Multicultural and International Research in Four Career Development Journals: An 11-Year Content Analysis

By Garriott, Patton O.; Faris, Eve et al. | Career Development Quarterly, December 2017 | Go to article overview

Multicultural and International Research in Four Career Development Journals: An 11-Year Content Analysis


Garriott, Patton O., Faris, Eve, Frazier, Julian, Nisle, Stephanie, Galluzzo, Joseph, Career Development Quarterly


Over the past decade, career development and vocational psychology scholars have championed a return to their roots in the social justice, advocacy, and attention to marginalized groups initiated by Frank Parsons at the turn of the 20th century (Blustein, 2006; Stebleton & Eggerth, 2012). Reviews of career development and vocational psychology journals during this period have suggested an upward trend in the publication of culturally informed research in terms of race (Flores et al., 2006), international samples (Nilsson et al., 2007), and other areas of diversity (Whiston, Rose, Peterson, & Nguyen, 2013). However, the overall representation of multicultural research in vocational journals has been characterized as relatively small, ranging from 2.4% to 14.7% of the total articles published in these outlets (Flores et al., 2006; Whiston et al., 2013).

Paradigm shifts within career development and vocational psychology, including relatively recent attention to the psychology of working and work volition (Blustein, 2006, 2014; Duffy, Blustein, Diemer, & Autin, 2016), have inspired research with marginalized groups and a renewed focus on equity and justice. However, since the publication of several seminal contributions (e.g., Blustein, 2006), the growth in this research over time has not been systematically examined. Comprehensive reviews of multicultural content in related journals, such as the Journal of Counseling Psychology (JCP), have revealed greater attention to some multicultural identity domains and neglect of others. Specifically, a review of multicultural content in JCP showed increasing attention to gender but minimal attention to sexual orientation, disability, religion, and social class from 1954 to 2009 (D. L. Lee, Rosen, & Burns, 2013). Identification of multicultural identity groups that have received insufficient attention in the literature is important, as this neglect could lead to ineffective career counseling practices.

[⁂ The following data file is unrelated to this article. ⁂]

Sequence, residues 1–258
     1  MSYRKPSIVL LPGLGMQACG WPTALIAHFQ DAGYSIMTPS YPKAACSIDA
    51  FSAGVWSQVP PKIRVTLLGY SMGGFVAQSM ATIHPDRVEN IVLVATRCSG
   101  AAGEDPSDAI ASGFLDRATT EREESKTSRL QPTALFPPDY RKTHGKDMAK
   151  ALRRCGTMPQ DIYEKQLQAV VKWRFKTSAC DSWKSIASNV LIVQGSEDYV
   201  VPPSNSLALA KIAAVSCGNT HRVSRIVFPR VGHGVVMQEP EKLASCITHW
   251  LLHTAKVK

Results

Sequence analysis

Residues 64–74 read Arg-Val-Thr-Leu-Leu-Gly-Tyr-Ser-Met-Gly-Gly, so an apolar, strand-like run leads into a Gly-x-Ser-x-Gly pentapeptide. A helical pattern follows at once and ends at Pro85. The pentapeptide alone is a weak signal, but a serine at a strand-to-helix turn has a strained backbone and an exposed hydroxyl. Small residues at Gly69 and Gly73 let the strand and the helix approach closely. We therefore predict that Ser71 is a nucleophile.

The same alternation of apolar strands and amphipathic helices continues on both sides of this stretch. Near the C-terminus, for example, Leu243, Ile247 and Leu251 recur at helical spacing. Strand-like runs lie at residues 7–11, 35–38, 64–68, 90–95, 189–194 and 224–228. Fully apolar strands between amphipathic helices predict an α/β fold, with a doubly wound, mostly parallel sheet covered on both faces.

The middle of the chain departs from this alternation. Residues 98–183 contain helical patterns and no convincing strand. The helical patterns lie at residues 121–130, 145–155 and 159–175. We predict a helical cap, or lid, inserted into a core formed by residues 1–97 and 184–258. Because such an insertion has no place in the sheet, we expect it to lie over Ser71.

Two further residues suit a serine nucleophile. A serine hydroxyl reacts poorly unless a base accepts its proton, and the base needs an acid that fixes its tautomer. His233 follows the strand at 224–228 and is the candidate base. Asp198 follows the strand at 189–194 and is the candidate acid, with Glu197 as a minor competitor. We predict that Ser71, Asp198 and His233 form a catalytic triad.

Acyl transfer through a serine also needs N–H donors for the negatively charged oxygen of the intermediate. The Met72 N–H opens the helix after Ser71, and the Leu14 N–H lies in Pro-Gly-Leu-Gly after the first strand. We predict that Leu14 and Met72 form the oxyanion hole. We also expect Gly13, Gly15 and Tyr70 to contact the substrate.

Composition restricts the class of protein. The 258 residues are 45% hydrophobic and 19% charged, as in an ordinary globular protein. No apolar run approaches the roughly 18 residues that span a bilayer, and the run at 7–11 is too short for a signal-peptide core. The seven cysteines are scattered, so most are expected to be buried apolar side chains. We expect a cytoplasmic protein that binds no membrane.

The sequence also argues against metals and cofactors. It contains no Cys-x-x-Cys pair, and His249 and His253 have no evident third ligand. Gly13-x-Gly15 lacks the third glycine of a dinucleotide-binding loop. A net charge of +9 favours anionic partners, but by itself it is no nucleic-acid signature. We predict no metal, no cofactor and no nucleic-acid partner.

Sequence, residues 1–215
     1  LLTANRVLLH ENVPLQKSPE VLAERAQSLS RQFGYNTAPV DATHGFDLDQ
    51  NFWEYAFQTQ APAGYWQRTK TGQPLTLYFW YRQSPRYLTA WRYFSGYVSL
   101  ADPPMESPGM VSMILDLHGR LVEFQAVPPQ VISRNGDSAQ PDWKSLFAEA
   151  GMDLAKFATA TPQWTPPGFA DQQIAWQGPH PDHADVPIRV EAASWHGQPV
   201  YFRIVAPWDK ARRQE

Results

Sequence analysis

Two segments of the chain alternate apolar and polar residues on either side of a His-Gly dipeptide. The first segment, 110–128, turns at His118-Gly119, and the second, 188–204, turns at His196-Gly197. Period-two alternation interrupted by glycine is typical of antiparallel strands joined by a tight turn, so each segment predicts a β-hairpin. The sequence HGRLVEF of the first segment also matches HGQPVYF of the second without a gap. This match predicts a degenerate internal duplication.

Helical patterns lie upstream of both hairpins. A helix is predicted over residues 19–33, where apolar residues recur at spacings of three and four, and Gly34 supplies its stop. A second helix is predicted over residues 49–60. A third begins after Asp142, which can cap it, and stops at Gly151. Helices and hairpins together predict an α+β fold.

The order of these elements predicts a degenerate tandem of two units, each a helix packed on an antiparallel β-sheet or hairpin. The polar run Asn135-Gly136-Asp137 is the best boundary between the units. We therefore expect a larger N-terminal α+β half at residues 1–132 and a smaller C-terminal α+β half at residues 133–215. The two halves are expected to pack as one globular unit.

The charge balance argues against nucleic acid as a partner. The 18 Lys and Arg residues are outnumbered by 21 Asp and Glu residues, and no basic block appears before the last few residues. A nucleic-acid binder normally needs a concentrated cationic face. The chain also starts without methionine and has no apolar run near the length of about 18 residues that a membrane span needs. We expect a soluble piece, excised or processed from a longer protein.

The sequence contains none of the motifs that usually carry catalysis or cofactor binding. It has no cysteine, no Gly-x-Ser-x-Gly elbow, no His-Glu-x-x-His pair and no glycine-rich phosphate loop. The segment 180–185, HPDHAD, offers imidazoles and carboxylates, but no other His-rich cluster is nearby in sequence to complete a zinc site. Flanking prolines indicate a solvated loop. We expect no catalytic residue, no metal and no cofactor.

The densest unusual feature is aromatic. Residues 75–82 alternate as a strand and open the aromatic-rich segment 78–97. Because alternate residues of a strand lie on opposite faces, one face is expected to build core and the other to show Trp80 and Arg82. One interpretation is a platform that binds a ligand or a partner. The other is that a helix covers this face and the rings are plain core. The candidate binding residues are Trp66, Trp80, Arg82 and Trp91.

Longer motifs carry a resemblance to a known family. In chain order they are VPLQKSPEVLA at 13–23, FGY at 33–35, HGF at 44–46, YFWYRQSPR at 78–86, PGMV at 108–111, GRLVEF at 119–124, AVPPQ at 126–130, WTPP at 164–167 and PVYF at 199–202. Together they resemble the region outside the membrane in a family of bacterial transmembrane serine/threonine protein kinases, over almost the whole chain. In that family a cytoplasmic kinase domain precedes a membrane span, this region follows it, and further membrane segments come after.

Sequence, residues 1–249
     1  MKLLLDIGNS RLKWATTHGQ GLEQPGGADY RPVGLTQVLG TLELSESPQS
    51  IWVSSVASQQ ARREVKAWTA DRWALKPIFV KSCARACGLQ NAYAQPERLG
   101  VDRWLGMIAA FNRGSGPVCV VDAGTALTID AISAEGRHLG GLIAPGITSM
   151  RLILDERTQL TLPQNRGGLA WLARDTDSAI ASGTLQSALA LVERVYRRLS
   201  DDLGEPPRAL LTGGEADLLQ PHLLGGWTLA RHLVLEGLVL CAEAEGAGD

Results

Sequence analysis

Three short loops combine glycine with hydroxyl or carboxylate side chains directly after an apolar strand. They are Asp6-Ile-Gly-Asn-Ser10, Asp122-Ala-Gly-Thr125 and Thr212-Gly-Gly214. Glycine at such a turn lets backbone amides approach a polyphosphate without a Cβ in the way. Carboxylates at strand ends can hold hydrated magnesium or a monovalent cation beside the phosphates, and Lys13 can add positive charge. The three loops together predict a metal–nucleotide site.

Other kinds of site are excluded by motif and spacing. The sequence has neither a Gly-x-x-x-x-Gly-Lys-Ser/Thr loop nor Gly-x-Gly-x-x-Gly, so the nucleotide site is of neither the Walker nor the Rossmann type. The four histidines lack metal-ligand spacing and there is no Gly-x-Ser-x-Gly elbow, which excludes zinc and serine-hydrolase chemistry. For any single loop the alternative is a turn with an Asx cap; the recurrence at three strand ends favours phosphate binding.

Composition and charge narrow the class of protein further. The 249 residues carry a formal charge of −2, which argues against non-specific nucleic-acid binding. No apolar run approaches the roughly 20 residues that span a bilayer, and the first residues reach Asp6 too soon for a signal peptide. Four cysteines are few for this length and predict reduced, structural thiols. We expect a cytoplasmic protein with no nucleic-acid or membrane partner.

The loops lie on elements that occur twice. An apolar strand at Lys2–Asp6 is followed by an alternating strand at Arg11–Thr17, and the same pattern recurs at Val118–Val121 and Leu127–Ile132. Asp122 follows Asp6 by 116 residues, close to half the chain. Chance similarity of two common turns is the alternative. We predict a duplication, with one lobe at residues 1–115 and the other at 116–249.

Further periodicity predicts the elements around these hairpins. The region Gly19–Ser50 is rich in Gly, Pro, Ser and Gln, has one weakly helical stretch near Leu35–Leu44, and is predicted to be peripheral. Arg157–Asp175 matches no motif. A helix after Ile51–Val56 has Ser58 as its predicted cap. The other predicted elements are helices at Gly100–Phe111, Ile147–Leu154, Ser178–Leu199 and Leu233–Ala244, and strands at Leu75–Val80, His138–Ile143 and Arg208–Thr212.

Within career development and vocational psychology, several previous content analyses have synthesized research related to multiculturalism and diverse populations. The most recent content analysis focused on multicultural content in career development and vocational psychology journals with regard to racial/ethnic minorities (REMs; Flores et al., 2006). Results indicated a total of 281 studies conducted with REM samples published between 1969 and 2004 in four major journals: The Career Development Quarterly (CDQ), the Journal of Career Assessment (JCA), the Journal of Career Development (JCD), and the Journal of Vocational Behavior (JVB). Across the 4,181 articles published within these journals, REM studies comprised 6.7%. Over the last 14-year span of the content analysis (1990-2004), REM vocational articles were published much more frequently than in the 1970s and 1980s. Overall, 66.2% of the articles were empirical, and only 21.4% were conceptual or theoretical. In a follow-up study, B. H. Lee et al. (2017) found that from 2005 to 2015 the percentage of articles based on REM samples in JVB, CDQ, JCD, and JCA increased to 8.8%, but the total number of articles steadily declined across the 11-year period. The majority of articles located for the analysis featured quantitative research designs, and few reported or featured intersecting identities such as sexual orientation (B. H. Lee et al., 2017).

Nilsson et al. (2007) focused on international career articles published over 34 years in CDQ, JCA, JCD, and JVB. Of all the international career articles identified in that study, JVB published the most (63.8%), followed by CDQ (20.5%), JCD (11.7%), and JCA (4%). Overall, the authors found an increasing number of international articles published over time. In terms of content themes, the most common topic of focus was "career issues related to a specific culture, country, or population" (p. 608). The authors also identified topic areas receiving little attention, including problems at work, salary and compensation, and leisure (Nilsson et al. …

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